Lacey, who teaches media and cultural studies at the University of Sussex, indicates early in the book that she means to discuss more than audio-only media. The challenge, of course, is to isolate listening in the endlessly transmuted forms of that have grown out of film and video. The problem is compounded by current thinking that is skewed toward the assessment of public discourse either in the idealization of face-to-face exchanges, or with a “hegemony of the visual” that leads us to miss what is unique about discourse understood by what is heard. And so many admire a director like Alfred Hitchcock for the economy of his camera shots, missing the importance of what we hear in his films: the evocative use of ambient sound in Rear Window, or the use of music in films like North by Northwest and Vertigo, which I understand as little operas constructed by Bernard Hermann.

A second challenge is to distinguish between hearing as a sensory/mechanical process, and also subjective one. What the ear processes can obviously be ignored or transformed by the mind. The latter is especially intriguing because the presence of a “public” for a single message opens up interesting questions about the intersubjectivity of aural perception. We are forever discussing what we thought we “heard,” meaning more or less what we and perhaps others think someone meant. This is one effect of the fact that acoustic stimuli are so ephemeral. The “tendency of sound to disappear,” Lacey writes, “means that listening is always also caught up in the moment; it is an active disposition always straining toward the present tense.” (p. 55)

The book is full of reassessments of familiar ideas overdue for  useful expanded discussion: the simple reminder of what “auditorium” means as place to collectively receive another’s words; the usefulness of reconsidering recording as both the “construction” of an event and a “re-creation” of it; the once-vital importance of “group listening” as it was once used by the British and Germans as a recurring political form, and the risks of understanding radio and recordings as mere forms of distribution rather than complex systems of communication.

Innovators especially in the inter-war period in Britain and Germany queried whether broadcasting could develop “radiogenic” forms uniquely adapted to dispersed audiences. As early as the late 1920s Germans and others were experimenting with “acoustic montages,” straight reporting, and live actualities. This section on perfecting unique ways to represent a nation to itself is useful for its mostly European emphasis. It generally excludes similar audio experimentation that was beginning to develop in the United States in the work of Fred Friendly, Norman Corwin, and others.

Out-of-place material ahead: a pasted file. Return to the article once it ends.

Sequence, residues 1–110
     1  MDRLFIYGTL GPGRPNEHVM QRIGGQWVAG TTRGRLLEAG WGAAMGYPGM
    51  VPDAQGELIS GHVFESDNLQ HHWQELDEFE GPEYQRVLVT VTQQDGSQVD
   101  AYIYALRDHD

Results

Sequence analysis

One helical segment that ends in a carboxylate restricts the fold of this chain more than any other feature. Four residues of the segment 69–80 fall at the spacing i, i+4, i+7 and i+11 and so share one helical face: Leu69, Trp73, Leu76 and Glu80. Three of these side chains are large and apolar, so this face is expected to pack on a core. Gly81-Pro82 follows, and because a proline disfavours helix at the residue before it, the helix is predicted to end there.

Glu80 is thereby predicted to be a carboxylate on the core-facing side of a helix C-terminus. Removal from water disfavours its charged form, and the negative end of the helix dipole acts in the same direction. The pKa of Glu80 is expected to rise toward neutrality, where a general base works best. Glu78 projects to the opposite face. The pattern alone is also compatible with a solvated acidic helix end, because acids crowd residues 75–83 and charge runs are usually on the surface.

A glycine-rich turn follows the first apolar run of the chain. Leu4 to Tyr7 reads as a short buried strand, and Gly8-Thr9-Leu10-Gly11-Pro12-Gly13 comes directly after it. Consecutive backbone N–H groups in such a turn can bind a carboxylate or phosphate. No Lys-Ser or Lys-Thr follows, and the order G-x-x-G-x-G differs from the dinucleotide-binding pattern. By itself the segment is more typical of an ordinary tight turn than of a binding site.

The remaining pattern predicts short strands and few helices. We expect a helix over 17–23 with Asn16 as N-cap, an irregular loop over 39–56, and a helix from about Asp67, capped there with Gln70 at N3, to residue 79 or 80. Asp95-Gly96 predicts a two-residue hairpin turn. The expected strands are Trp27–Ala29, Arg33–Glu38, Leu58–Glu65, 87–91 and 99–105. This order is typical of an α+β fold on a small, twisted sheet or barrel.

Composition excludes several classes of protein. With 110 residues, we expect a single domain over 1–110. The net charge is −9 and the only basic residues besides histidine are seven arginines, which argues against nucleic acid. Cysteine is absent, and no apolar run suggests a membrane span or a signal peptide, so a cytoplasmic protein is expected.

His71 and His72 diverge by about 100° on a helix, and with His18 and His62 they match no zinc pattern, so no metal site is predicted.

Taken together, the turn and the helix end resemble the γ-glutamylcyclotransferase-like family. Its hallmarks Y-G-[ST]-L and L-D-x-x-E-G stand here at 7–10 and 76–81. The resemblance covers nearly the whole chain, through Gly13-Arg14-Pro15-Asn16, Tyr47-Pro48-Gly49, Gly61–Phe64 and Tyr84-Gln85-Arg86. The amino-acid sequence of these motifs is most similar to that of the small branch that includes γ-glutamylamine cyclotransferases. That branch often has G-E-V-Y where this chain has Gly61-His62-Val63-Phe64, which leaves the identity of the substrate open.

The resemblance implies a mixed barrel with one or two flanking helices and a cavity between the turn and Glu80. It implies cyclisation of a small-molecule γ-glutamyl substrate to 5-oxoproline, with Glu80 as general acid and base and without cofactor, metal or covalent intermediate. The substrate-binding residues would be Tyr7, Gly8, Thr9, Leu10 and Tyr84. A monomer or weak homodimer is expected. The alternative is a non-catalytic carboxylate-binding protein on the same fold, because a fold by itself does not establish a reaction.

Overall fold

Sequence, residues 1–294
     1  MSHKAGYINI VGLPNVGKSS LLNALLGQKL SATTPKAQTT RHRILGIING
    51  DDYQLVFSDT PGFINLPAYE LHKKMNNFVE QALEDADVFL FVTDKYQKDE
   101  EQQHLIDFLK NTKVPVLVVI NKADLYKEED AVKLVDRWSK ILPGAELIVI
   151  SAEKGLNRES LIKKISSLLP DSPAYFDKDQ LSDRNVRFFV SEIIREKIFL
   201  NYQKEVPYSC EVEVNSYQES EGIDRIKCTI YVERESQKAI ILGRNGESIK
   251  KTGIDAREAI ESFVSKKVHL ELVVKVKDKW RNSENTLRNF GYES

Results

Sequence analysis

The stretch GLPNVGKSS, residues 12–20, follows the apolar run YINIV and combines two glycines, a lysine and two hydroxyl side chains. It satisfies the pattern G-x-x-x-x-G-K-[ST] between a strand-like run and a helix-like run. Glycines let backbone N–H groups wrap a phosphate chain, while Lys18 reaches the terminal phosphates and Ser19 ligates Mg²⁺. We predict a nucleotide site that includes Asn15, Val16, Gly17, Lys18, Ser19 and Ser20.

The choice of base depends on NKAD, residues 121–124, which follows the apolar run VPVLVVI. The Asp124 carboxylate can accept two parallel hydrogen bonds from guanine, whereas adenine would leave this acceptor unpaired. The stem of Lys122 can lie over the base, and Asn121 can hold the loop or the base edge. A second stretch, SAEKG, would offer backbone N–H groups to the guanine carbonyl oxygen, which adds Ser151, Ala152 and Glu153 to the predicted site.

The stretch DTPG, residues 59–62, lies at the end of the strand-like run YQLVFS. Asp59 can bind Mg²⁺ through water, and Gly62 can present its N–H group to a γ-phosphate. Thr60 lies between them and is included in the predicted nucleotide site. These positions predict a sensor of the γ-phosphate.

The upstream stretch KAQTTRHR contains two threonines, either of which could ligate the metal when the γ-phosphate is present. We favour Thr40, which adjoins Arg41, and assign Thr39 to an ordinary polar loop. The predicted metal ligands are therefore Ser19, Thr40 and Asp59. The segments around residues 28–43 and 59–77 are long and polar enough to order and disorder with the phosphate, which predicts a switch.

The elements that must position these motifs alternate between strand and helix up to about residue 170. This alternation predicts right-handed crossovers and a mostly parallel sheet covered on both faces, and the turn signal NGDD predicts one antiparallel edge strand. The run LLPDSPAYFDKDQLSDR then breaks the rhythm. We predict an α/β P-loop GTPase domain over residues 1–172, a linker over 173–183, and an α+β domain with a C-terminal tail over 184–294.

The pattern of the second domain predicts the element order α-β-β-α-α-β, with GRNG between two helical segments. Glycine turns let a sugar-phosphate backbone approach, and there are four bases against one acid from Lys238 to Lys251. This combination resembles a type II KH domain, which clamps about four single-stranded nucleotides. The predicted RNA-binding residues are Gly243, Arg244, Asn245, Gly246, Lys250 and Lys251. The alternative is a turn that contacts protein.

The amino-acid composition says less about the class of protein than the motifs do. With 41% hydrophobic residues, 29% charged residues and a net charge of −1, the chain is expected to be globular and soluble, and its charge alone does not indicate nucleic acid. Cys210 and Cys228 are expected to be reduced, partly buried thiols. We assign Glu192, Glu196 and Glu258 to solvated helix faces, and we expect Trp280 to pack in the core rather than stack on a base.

Lacey also revisits the paradoxical language we use to describe various forms of listening: for example, the ironies in describing “communities” of radio listeners who are dispersed but also connected in real time or, to flip the key variables over, being in the physical proximity of others but, like dancers, caught in a collective trance by a recording from another era. In either case, a common point of agreement made by most analysts is that the “domestication” of listening means a public retreat into the shadows of a more atomized existence. The loss of “reciprocity” inherent in private one-way listening gave Jean-Paul Sartre and many others the general impression of hopelessly passive listeners.

Lacey’s view laid out in her penultimate chapter is somewhat different. Meaningful engagement in a civil life is possible in the presence of receptive and active listeners. “Free speech,” she notes, “is intimately bound up with the responsibility to listen, a responsibility that is shared between the speaker and the listener. Indeed, politics itself could be described at its most basic level as the dynamic between the act of speech and the act of listening.” (p. 168)  And so she asks for consideration of a civil live predicated on the obligations of active listening.

One of the strengths of Listening Publics is that it doesn’t flinch from raising questions that are often just beyond the reach of simple answers or methodologies. It rewards the reader with impressive summaries of prior thought, producing a vast trove for anyone who wants to more thoroughly follow a particular thread of analysis. Some of the work she cites is associated with writers documenting the psychology of the senses (Lucien Febvre, Alain Corbin, Jonathan Sterne and others). Different observers focused on the nature of newly constituted media publics offer ideological or practical obstacles to establishing more durable cultural bonds. Theodor Adorno is one of many who mostly had a dim view of the impoverishment of experience at the hands of any kind of mediated re-presentation. She cites him at length. Even so, no single theory or figure dominates. And one can be gladdened that this study hasn’t fallen under the thrall of neuroscience, where every question about the effects of mediated experience seems to be reduced to an “answer” represented by a brain scan.  Perhaps one could wish for more discussion of music as the aural form that has a lock on many. The ear so readily learns to love the non-discursive forms of organized sound. Beyond the conventional tropes that can produce its visceral ecstasy there may be deeper structures that bridge it more generally to the ways we hear. But Lacey is a disciplined analyst. That kind of diversion is off the margins of a map focused on the politics of listening.

Every history of modern media notes with a hint of surprise that Thomas Edison pronounced the humble acoustic phonograph his favorite invention. But why not?  The spoken word, music, even the sounds of the street, are—for many of us—still the most interesting artifacts of a culture. This book belongs on the small shelf we reserve for those especially evocative studies that can transform our understandings of what seem like familiar processes.


Gary C. Woodward

The College of New Jersey